Something seemed fishy when the promotional can of Campbell's Condensed Chicken Noodle Soup showed up on my desk. Instead of the traditional tomato red label, Campbell's wrapped this can in green – and marked it as now an eco–friendly product.
What had Campbell's changed to claim its brand had gone "green"?
But because you, the consumer, have to add your own water to Campbell's condensed soups – just like everyone else since its invention in 1897 – the soup costs less to ship from factory to store than noncondensed soups. So, now, you should feel like an Earth–saving environmentalist if you eat Campbell's condensed soups.
No wonder, then, that when brandchannel.com surveyed consumers to find the No. 1 Green Brand in America, guess who claimed the top spot?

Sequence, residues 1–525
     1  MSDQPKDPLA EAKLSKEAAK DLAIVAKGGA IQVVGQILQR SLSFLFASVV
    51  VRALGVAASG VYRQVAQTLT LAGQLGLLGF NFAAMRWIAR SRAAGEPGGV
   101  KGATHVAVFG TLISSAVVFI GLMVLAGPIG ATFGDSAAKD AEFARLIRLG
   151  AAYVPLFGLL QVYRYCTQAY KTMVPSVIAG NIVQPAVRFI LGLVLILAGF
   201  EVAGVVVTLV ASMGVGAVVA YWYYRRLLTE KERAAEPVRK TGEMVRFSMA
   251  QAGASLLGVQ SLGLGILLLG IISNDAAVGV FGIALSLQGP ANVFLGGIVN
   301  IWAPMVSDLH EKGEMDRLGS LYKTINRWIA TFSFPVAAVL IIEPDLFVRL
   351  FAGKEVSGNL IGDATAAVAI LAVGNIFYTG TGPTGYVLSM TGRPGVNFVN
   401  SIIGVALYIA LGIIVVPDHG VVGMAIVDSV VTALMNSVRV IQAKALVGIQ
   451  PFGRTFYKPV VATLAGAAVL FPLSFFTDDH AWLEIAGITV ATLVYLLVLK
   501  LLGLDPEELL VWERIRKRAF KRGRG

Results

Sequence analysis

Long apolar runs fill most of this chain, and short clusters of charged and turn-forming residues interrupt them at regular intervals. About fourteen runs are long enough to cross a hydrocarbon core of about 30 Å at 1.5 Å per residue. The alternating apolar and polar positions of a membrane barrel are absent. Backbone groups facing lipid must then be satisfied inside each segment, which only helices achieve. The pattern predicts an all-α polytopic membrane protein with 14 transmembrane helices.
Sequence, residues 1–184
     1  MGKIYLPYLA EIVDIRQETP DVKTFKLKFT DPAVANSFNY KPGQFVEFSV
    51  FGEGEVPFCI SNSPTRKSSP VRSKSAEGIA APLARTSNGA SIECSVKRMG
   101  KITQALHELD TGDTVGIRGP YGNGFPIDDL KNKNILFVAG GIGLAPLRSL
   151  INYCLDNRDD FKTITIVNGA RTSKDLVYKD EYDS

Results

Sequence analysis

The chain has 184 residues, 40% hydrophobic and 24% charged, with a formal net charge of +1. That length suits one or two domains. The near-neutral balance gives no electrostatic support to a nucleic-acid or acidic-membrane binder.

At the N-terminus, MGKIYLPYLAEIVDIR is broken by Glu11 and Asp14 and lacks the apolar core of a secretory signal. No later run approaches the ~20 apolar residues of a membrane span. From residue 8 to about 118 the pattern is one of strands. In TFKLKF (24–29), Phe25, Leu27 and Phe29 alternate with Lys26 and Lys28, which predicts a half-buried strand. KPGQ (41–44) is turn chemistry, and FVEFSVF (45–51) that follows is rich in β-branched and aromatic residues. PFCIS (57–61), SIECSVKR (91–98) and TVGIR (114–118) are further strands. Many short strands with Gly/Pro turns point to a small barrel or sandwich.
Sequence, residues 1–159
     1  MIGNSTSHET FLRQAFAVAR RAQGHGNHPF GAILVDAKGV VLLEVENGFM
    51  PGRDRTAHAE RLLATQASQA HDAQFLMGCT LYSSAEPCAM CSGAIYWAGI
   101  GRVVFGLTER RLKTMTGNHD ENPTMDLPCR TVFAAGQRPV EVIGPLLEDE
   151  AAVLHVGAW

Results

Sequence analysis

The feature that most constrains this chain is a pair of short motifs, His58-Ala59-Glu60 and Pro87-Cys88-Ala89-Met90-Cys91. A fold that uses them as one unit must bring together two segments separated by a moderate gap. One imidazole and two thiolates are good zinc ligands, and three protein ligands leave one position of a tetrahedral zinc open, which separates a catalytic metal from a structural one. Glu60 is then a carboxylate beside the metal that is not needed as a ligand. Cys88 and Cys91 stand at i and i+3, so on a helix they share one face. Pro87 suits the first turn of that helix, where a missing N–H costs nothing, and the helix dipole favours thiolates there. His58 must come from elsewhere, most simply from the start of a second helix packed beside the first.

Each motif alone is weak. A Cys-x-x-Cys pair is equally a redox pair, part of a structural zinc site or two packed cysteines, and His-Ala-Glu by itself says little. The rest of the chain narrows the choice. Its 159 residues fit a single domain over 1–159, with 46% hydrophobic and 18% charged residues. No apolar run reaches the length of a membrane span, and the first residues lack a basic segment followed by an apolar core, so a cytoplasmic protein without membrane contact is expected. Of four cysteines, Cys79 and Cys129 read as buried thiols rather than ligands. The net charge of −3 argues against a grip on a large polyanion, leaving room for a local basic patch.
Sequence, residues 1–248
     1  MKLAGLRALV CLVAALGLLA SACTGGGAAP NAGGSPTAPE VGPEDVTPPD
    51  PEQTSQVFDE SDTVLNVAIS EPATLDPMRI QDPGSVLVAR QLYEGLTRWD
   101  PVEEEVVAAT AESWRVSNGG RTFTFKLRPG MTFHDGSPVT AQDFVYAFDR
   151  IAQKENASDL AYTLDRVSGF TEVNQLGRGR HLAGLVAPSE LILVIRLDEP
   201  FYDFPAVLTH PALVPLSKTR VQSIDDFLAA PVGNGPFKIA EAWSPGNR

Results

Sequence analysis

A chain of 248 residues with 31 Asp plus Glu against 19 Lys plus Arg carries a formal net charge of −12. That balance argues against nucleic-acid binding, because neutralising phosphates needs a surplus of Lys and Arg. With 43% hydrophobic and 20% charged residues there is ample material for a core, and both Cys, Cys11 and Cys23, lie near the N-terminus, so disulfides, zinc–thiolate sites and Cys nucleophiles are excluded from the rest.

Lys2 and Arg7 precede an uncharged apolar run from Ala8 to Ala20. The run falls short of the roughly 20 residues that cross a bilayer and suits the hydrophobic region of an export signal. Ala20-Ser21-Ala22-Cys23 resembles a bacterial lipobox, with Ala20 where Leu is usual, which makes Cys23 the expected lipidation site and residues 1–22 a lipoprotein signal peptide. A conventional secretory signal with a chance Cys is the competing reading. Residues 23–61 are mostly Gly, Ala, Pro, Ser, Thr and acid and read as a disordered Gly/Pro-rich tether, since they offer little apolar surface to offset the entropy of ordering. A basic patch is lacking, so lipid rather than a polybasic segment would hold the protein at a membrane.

"None" won. With 12.6 percent of the vote.
"Today, savvy consumers are naturally skeptical and hypersensitive to information designed to sell a brand or product – particularly from brands that have a financial stake in surrounding themselves with the aura of eco–friendliness," said Jim Thompson, editor of brandchannel.com, one of the nation's leading brand watchers.
To read the complete column, visit www.thenewstribune.com.